Being just shy of 1 hour 20 minutes there's a lot to take in but you are richly rewarded with repeated listens
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Perhaps best known for their stunning lamp shows, as well as a lamp-themed collaboration with Public Service Broadcasting, Derbyshire-based multi-instrumentalist instrumental trio Haiku Salut have been making music together for almost a decade now. Utilising an array of traditional instrumentation that has included accordions, trumpets, a glockenspiel, acoustic guitars and drums alongside various electronic elements, their focus has shifted more heavily towards the “loopery and laptopery” side of things with each new release.
Album number four continues their sonic evolution from folktronica to glitchy, electronic post-rock and beyond. Only this time, they’ve decided to try their hand at creating a film score for the re-issue of Buster Keaton’s 1926 silent action-comedy classic The General. Commissioned by Nottingham Contemporary art centre as part of the British Film Industry’s Comedy Genius season, it’s an ambitious move but one which feels totally natural as their music has often had a cinematic feel to it. From the old-worldly sound of their debut Tricolore, to the dreamy electronics found on There Is No Elsewhere, their music has always conjured up some pretty vivid imagery.
Written, recorded and produced in their own studio at the edge of the Peak District in just two months, its twenty-three tracks clock in at 80 minutes, with each piece ranging from between 25 seconds to 6 minutes in length. Packed with subtle musical detail, The General blends together ambient textures, piano pieces and synth melodies with glitchy electronics and minimalist percussion, while also adding industrial and techno influences into the mix. The end result is something that is both deeply enchanting and very heart warming, but can also be somewhat cold and haunting in places.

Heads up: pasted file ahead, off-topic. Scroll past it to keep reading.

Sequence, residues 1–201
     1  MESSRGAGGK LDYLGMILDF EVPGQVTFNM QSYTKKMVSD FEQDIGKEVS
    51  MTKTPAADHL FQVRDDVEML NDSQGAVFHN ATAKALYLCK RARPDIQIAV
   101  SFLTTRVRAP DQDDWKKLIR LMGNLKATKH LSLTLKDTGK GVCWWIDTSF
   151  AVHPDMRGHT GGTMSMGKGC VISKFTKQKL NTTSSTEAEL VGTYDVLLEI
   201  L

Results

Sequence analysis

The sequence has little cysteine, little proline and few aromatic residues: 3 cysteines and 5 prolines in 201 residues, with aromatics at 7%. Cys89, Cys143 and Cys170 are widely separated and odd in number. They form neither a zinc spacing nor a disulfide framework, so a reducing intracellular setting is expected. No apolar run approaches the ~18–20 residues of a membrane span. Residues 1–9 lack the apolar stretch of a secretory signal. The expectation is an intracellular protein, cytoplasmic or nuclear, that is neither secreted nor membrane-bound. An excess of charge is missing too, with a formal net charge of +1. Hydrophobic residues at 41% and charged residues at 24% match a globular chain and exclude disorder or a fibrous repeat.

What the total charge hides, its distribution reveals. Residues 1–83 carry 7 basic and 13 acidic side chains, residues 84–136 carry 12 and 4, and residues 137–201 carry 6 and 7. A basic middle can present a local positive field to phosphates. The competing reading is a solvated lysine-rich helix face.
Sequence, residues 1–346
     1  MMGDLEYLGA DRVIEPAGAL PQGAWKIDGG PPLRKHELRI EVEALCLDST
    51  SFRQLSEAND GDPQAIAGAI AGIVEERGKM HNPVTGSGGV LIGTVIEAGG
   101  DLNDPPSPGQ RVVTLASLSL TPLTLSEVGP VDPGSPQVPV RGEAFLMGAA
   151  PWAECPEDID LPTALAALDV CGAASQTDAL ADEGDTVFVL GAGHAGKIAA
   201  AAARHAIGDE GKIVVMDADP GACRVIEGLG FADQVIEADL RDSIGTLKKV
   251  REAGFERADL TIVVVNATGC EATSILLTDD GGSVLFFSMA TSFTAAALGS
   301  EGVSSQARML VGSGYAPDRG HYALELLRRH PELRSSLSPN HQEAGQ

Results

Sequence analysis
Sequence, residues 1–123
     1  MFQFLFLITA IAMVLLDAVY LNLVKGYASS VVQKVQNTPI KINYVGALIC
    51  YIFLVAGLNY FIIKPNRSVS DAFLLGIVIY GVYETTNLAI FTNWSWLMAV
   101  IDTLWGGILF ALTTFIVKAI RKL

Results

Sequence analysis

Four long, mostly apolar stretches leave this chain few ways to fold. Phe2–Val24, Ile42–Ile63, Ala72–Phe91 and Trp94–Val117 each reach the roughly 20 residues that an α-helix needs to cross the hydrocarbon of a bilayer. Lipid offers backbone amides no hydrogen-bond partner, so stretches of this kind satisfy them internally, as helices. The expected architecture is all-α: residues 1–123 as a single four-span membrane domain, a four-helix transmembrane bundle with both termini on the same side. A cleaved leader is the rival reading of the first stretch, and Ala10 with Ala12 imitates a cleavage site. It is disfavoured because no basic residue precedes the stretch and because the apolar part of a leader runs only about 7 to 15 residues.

After a glitchy double opener with ‘Start’ and ‘Intro’, the warmth of lead track ‘Loves’ slowly waltzes into view. At just over three minutes, it’s arguably the most gorgeous piece here (although there’s plenty of competition). But the warmth doesn’t last as ‘Enlist’, which conveys the main character Johnny Gray’s sadness at failing to make the cut with the Confederate Army, enters with its recurring piano melody and cold ambience lurking in the background. Accompanying a chase scene, ‘Train Steal’ is more upbeat and echoes Tangerine Dream with its rhythmic synth pattern before gradually giving way to electronic percussion.
‘Deserters’ and ‘Cannon’ sees them breaking some new ground, both of which have an industrial techno feel to them. The former is more low key with its soft percussion, with the latter opting for something much heavier and echoey. Elsewhere, ‘Traction’ blends both old and new Haiku Salut, featuring an accordion alongside a stuttering, trap-style beat. While the shimmering yet ghostly ‘Chopping Wood Arrive’ is strongly reminiscent of the ambient drone and tape music experimentations of the wonderful Ian William Craig.
The influence of post-rock could be heard in places on their last album There Is No Elsewhere and it features again here. Running through pieces such as the slow building, piano-led ‘Reunited’, as well as ‘The Flood’ with its stuttering percussion and the playful synth line that comes in and out. Being just shy of 1 hour 20 minutes there’s a lot to take in but you are richly rewarded with repeated listens.
And although it isn’t essential to enjoy the album, it’s highly recommended that you play the score and the film simultaneously at least once. Given that the film is freely available on YouTube, you might as well. Or better yet, catch them performing The Generallive alongside the film at one of a handful of dates which includes at the Royal Albert Hall’s Festival of Film in October.